In Mexico they say “Salud!” In Cuba we say “Jesùs!”
There are different responses to the first three sneezes in Spanish, and they vary by region. The most popular version is more used in Latin America: salud (“health”) after the first sneeze, Dinero (“money”) after the second, and amor (“love”) after the third. You almost want to sneeze!
EXPLANATION: When someone sneezes in the United States, most often someone else will say, “Bless you!” The phrase originally originated as “God bless you.” CORRECT ANSWER: “Thank you!” Below are just a few of the many possibilities for its origin and no one is sure of the correct answer.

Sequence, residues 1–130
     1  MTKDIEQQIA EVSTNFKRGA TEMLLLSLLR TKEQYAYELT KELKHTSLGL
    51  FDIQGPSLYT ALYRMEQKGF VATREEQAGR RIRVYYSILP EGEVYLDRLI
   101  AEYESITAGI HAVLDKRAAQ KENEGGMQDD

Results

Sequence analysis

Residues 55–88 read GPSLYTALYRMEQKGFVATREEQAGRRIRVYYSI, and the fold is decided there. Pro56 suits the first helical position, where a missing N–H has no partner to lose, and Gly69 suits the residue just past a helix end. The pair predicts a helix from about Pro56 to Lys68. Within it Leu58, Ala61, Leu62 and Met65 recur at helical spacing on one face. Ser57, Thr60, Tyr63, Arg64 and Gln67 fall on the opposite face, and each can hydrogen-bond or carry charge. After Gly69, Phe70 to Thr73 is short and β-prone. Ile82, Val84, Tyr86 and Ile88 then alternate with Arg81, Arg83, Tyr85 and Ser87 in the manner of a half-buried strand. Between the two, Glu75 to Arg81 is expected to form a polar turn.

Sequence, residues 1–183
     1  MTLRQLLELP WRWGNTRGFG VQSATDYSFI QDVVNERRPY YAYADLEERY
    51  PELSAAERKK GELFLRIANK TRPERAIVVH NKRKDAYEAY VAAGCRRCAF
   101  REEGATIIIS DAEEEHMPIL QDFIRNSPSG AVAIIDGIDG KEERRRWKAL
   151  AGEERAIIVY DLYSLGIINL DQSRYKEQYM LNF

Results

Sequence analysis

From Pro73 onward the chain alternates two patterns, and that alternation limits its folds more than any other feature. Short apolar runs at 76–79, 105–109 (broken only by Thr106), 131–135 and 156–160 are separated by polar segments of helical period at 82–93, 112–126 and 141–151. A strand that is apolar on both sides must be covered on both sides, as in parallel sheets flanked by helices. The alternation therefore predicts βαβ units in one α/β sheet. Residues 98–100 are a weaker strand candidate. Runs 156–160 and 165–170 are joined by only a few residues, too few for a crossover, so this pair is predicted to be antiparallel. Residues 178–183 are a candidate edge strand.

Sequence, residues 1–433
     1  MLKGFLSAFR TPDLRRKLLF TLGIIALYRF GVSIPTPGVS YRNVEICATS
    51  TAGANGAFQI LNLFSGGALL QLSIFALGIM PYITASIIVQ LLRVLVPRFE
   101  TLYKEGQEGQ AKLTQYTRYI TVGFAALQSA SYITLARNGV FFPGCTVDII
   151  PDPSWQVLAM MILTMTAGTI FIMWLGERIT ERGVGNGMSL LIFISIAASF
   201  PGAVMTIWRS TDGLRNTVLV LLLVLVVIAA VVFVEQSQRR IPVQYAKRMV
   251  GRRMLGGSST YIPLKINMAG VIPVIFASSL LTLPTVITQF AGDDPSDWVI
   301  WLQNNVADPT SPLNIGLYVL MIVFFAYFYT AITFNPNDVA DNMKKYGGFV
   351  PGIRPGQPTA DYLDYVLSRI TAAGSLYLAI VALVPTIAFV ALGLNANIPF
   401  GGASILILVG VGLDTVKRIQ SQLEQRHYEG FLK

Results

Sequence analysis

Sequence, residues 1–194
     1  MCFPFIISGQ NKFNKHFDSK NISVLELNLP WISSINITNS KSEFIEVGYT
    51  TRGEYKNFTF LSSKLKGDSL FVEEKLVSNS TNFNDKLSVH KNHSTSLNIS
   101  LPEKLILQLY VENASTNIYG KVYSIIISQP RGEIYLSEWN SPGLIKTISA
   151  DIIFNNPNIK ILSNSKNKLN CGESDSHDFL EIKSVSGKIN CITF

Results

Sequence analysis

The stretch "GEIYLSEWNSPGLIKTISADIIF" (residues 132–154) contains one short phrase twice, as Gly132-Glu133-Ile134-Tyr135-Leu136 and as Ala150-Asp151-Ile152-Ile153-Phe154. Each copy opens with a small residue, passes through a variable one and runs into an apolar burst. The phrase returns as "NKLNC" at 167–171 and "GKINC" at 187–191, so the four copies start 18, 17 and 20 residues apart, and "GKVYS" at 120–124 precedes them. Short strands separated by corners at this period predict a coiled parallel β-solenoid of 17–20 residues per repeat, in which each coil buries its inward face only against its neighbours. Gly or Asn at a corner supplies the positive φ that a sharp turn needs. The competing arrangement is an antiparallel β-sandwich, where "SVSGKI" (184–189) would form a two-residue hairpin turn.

So the first time you sneeze in Spanish, say “salud.”
‘ when someone sneezes. Why is that? The name Jesus appears frequently in Spain, not least because it is a perfectly acceptable name for a man (often also for women: María Jesús), while in most other Christian countries the nickname is just the Designation is reserved to Jesus Christ.
Spanish salud comes from the Latin salus and means variously “health”, “wealth” and “security”. Aside from its meaning of “health”, salud is used to mean “Cheers! ” accept. (“To your health!”) when clinking drinks or instead of “Bless you!” when someone sneezes.
In Irish formulaic form, the response to a second sneeze, or a first sneeze when it is particularly strong, is “Dia linn, is Muire” (God and Mary bless us). p>